Within this, lines stand out like stars: “in empty fear there is an impulse to love—”. A mature and eerie understanding of human beings, emotions, desire, compulsion: “bolt the doors, rinse your wings: / every fear is justified. / nightingale slit throat, stolen honey.” It is a veritable glut of homage to every poet from Keats, the Brontë’s, through to Sappho, but done so naturally that it is in no way pretentious or seeking acclaim on the back of another. No, this is informed writing at its best.
Whether you are fan of poetry en masse or classical poetry, you will sink into lines like: “how do worms canker the flower? / envy’s sweet bud purses its lips in song.” I expect at times you may find this removed from the modern world and that will be a delight, because poetry isn’t of this world and a real poet will not conjure our world but a mirror of it, and reflect it back. Pickering has accomplished this through his breadth of knowledge about the world of literature and his own heart, that lives among those airy lines.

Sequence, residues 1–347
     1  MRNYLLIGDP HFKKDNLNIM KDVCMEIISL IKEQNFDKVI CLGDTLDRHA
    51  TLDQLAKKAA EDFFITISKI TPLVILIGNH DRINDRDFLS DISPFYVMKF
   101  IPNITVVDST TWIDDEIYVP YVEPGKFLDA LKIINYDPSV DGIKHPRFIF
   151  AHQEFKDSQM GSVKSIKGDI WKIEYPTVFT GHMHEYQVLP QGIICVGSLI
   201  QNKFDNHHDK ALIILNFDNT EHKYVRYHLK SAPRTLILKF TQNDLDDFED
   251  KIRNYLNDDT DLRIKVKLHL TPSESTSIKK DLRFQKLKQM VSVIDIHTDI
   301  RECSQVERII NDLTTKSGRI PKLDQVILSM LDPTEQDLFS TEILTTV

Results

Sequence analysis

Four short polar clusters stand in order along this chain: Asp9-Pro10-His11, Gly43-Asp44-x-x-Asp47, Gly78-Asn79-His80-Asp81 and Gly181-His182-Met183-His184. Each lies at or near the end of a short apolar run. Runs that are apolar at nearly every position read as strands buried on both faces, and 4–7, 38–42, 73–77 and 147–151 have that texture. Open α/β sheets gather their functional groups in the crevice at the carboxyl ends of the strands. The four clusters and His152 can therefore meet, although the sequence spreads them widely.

In the second section, ‘II Adult.’, Pickering shows his virtuoso as a philosopher of poetry with lines like; “What is known is not what we are certain of” and “heaven is anonymous and there are raging flags / above us”. And “nothing is senseless. Only the lack of sense.” (‘Intuition and Destiny’). Lines like those make me envy the quiet mind Pickering possesses, how he intuitively gleans beneath surfaces and remains in his imagination in ways that bring redolent colour and depth to his language.
The irony of when Pickering states: “you will be born forever into my tired stanzas.” Is that nothing could be further from the truth. These stanzas are anything but tired, they are fresh with intensity and passion and for those who love poetry, they are a welcome boon from the lackluster world beyond. If you find yourself envying his muse, then you know his work as a true romantic poet is accomplished.